Forum for Science, Industry and Business

Sponsored by:     3M 
Search our Site:


Drinking Tap Water May Help You Avoid Dentist’s Drill

Highly Preventable Oral Disease Affects Millions

Tooth decay affects children in the United States more than any other chronic infectious disease, according to the Centers for Disease Control and Prevention (CDC). The CDC states that tooth decay, if left untreated, can cause pain and infections that hinder eating, speaking, playing and learning.

The controlled addition of a fluoride compound to public water supplies is considered to be the most cost-effective way to prevent cavities and fight tooth decay, according to a study published in the January/February 2010 issue of General Dentistry, the Academy of General Dentistry’s (AGD) peer-reviewed clinical journal.

“Fluoride makes the entire tooth structure more resistant to decay and promotes remineralization, which aids in repairing early decay before damage is even visible,” said C.H. Chu, BDS, PhD, MAGD, ABGD, lead author of the study. “Studies have confirmed the most effective source of fluoride to be water fluoridation.”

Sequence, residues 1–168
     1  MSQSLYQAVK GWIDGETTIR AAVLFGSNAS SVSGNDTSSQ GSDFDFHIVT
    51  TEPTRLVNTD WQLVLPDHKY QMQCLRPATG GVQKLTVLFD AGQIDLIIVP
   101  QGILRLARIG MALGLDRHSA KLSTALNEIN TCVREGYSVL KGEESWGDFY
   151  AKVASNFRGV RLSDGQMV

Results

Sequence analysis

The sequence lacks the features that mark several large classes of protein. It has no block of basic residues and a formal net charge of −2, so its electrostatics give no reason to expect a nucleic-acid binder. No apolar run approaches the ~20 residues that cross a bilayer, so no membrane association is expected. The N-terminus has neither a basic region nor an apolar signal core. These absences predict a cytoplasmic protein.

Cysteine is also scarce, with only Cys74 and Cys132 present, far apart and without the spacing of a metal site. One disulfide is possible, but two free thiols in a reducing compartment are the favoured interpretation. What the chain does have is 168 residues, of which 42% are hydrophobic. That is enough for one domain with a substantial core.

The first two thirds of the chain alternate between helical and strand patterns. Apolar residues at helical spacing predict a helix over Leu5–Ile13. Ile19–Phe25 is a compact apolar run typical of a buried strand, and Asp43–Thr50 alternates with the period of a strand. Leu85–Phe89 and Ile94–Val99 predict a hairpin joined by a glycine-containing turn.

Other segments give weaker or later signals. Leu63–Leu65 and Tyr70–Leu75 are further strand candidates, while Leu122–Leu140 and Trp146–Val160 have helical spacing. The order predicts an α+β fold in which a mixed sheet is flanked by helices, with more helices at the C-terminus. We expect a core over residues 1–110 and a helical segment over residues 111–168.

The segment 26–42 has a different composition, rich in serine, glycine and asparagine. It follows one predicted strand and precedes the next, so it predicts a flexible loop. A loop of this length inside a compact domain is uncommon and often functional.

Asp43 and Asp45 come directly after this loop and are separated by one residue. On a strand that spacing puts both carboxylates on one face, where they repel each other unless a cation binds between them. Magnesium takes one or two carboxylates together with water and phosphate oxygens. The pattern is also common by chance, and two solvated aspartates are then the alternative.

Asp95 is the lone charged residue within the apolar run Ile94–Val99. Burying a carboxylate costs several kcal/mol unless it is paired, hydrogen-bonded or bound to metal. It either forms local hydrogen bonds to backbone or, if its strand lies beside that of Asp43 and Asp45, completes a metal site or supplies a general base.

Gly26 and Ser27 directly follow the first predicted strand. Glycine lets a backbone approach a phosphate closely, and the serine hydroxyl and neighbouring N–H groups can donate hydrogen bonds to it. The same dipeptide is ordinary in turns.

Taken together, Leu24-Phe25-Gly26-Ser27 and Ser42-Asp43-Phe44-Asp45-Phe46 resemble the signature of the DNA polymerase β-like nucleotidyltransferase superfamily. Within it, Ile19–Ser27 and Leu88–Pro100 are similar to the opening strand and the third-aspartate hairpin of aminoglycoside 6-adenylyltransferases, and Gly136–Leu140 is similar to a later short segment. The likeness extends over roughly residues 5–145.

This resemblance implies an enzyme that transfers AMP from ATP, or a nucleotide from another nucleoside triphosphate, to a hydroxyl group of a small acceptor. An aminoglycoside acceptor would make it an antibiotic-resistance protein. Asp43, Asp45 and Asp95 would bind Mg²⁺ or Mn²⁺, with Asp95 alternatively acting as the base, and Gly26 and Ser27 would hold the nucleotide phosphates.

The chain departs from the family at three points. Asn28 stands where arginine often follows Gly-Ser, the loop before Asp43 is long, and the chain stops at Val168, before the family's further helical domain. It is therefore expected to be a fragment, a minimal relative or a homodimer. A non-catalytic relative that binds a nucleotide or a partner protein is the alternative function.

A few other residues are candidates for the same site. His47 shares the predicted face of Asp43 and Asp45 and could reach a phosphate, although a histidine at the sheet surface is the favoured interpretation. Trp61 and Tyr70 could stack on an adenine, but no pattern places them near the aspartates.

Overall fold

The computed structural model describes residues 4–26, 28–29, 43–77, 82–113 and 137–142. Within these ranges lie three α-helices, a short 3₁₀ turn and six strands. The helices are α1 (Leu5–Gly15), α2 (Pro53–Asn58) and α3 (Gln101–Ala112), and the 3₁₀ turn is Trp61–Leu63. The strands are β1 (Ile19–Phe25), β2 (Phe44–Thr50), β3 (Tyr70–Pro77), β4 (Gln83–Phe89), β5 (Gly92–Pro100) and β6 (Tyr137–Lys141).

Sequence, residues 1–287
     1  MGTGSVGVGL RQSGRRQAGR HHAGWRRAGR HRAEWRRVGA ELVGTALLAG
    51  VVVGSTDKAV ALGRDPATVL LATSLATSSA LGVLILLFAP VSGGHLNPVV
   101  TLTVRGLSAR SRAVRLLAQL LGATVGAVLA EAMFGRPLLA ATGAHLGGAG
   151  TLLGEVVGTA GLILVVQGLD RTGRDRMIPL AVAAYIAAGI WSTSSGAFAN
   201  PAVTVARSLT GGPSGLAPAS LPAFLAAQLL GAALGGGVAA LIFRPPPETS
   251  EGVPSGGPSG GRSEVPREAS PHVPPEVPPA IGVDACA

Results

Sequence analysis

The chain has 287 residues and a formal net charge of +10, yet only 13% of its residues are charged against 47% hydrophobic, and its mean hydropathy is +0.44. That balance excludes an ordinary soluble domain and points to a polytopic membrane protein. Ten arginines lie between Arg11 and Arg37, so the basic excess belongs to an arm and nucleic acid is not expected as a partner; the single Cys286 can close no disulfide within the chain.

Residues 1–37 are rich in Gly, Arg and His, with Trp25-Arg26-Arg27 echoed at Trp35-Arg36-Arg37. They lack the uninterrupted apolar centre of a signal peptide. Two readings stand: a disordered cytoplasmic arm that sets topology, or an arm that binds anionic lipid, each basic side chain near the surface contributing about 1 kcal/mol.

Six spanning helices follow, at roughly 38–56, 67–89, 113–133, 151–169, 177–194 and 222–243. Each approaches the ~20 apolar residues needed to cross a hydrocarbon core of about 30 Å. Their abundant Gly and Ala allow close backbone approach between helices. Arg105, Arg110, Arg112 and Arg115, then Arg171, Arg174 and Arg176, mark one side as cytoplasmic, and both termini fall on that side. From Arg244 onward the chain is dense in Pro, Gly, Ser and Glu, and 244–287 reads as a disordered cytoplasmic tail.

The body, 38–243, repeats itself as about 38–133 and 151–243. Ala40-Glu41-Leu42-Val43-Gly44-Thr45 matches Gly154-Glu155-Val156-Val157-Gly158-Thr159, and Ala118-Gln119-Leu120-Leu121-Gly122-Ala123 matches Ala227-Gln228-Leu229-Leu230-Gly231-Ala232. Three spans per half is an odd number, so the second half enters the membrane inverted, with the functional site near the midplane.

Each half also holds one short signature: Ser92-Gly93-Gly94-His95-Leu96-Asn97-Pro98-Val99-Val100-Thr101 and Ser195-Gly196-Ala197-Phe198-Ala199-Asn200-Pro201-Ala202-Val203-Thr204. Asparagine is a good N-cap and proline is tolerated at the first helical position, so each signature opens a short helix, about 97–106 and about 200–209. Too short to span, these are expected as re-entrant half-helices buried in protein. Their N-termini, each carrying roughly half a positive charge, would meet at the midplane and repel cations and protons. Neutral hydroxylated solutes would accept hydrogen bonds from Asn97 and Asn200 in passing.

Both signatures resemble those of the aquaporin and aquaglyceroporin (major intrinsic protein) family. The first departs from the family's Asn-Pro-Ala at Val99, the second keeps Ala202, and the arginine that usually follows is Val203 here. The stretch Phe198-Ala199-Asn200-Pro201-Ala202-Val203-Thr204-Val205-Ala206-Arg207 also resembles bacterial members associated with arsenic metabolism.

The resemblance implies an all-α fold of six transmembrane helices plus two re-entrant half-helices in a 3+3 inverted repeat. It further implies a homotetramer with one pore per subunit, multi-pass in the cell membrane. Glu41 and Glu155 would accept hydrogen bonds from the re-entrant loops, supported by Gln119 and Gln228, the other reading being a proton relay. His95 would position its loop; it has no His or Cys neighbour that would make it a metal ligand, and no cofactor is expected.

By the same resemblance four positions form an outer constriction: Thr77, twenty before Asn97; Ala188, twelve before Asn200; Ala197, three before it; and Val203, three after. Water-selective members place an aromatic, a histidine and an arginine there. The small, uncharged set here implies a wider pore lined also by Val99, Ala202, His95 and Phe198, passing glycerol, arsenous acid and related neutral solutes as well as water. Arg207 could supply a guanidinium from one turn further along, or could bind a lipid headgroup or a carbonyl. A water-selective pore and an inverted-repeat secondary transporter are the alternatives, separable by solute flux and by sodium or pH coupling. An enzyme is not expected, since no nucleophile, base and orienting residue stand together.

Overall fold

More than 144 million United States residents in more than 10,000 communities drink fluoridated tap water, providing an automatic defense against the harmful ingredients that cause such a preventable oral health disease.

“Instead of drilling holes to fix cavities, dentists would rather educate the public on how to avoid developing tooth decay in the first place,” said Cynthia Sherwood, DDS, FAGD, spokesperson for the AGD. “Drinking tap water to receive fluoride is safe, and it’s easier on your wallet than going to the dentist for a filling.”

The second-most effective source of fluoride is varnish. Varnish, applied quickly and easily by a dentist, is one of the most concentrated products available commercially. Varnishes that contain sodium fluoride adhere to tooth surfaces when saliva is present, providing an excellent fluoride treatment.

Keeping fluoride in the mouth enhances its ability to arrest demineralization and promote remineralization, and varnishes are better for this purpose than fluoridated drinking water or toothpaste. Fluoride varnishes are typically used for patients who don’t receive enough fluoride from other sources.

“The bland flavor and simplicity of the varnish method also makes it well-tolerated by young children and special needs patients,” Dr. Chu said.

Dr. Chu looked at the effectiveness of fluoride in specialty milk and salt products, toothpaste, mouthrinse and gum, but found that only the water fluoridation and varnish methods had the ability to reduce cavities by more than 30 percent.